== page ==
Florida Southern College’s New School of Architecture

Florida Southern College’s New School of Architecture

Florida Southern College, renowned for its collection of Frank Lloyd Wright-designed buildings, is embarking on a new chapter by establishing a School of Architecture. This exciting development was announced by President Anne Kerr on Thursday, May 16, 2024, during a gathering of donors, architects, engineers, local dignitaries, and college officials.

Key Details about the New School

Program Offerings and Timeline

  • The Florida Southern College School of Architecture is scheduled to open its doors to undergraduate students in the fall of 2025.
  • A four-year Bachelor of Architecture program will be offered, with plans to introduce a master’s program in 2028.
  • The historic Ordway Industrial Arts Building, one of Frank Lloyd Wright’s 15 campus designs, will house the new school.
  • The search for a dean to lead the School of Architecture will commence next month.

Curriculum Highlights

According to Provost and Vice President for Academic Affairs Tracey Tedder, the program will blend academic rigor with practical experiences, emphasizing historic preservation and sustainability. Students can expect the following opportunities:

  • Access to state-of-the-art facilities, including design studios, fabrication labs, and a research center.
  • Hands-on experience in designing and building shelter projects.
  • Internships with leading architectural firms.
  • Collaboration with industry professionals as early as their freshman year.
  • Study abroad programs in Florence, Italy, and Tokyo, Japan.

Guidance and Oversight

The School of Architecture will be guided by an internationally acclaimed advisory board, ensuring a high standard of education and industry relevance.

The Context: Architecture Programs in Florida

Currently, there are only six universities in Florida that offer degrees recognized by the National Architectural Accrediting Board:

  • Bachelor of Architecture: Florida Agriculture & Mechanical University, Florida Atlantic University, and the University of Miami.
  • Master of Architecture: Florida Agriculture & Mechanical University, Florida International University, the University of Florida, and the University of South Florida.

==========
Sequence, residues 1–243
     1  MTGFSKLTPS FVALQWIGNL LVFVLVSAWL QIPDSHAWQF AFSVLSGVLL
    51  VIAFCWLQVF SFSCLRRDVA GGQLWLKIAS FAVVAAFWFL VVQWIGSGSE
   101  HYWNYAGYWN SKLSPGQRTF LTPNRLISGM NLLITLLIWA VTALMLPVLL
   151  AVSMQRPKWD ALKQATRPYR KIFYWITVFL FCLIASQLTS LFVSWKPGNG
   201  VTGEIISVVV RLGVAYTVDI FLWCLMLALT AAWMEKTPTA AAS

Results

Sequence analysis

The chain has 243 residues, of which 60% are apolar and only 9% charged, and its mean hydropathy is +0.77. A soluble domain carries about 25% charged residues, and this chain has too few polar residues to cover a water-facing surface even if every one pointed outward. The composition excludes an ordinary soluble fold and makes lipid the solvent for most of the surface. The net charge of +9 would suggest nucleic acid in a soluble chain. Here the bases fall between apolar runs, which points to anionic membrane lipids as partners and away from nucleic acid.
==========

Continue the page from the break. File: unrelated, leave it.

While some institutions like the University of Central Florida offer pre-architecture programs or design-related degrees, they do not lead directly to professional certification.

Florida Southern College’s Architectural Legacy

Founded in 1852 as a Methodist seminary, Florida Southern College is the oldest private college in Florida. Its current location on the north shore of Lake Hollingsworth dates back to 1921. The college’s architectural heritage is deeply rooted in Frank Lloyd Wright’s visionary designs.

In the 1930s, the college’s then-president, Ludd Spivey, sought to transform the small institution through modern architecture. He reached out to Wright, who went on to create 18 building designs for the campus over two decades, with at least 15 structures funded and built, including:

  • The Annie Pfeiffer Chapel
  • Three identical seminar buildings
  • The E.T. Roux Library (now the Thad Buckner Administration Building)
  • The Emile E. Watson Administration Building
  • The Benjamin Fine Administration Building
  • The Water Dome
  • The Lucius Pond Ordway Industrial Arts Building
  • The Fletcher Theatre
  • The Polk County Science Building
  • The Planetarium
  • The William H. Danforth Chapel
  • The Esplanade
  • The Usonian Faculty House

Recent Architectural Additions

During President Anne Kerr’s 20-year tenure, which is coming to an end, three distinct buildings were designed by architect Jeff Baker and constructed on campus. These modern additions, featuring Baker’s signature red beams, red balls, and large picture windows, stand alongside Wright’s work while maintaining a respectful distance. They include the France Admissions Center and the Carole and Marcus Weinstein Computer Sciences Center.

A Logical Fit for Florida Southern College

With its rich architectural heritage and stunning Wright-designed campus, Florida Southern College has long been a mecca for architecture enthusiasts. The college has consistently appeared on The Princeton Review’s top 20 “Most Beautiful Campus” national listing for 13 consecutive years and has been frequently named one of the best colleges in the Southeast by U.S. News and World Report.

Jeff Baker, the college’s historic preservation artist-in-residence, expressed his elation at the announcement, stating, “I never thought in my wildest dreams that I would ever see this day. It’s not every day that we’re able to make history. Indeed it is not every life that is able to make history. Tonight, history is being made. The creation of this new School of Architecture is a wonderful thing. I’ve heard it said that it may be the most significant thing Florida Southern has done in the past 50 years.”

Bob Fryer, who served as the chairman of the FSC board for 20 years, shared his enthusiasm, saying, “I think it’s amazing. It’s been a dream for a long, long time and, thanks to financial help, the dream has come true.”

A Bright Future for Architecture Education

With its rich architectural heritage, stunning campus, and commitment to excellence, Florida Southern College’s new School of Architecture promises to be a landmark addition to the state’s educational landscape. As students embark on their architectural journey, they will have the opportunity to learn from industry professionals, engage in hands-on projects, and contribute to the ongoing legacy of innovative design and sustainability.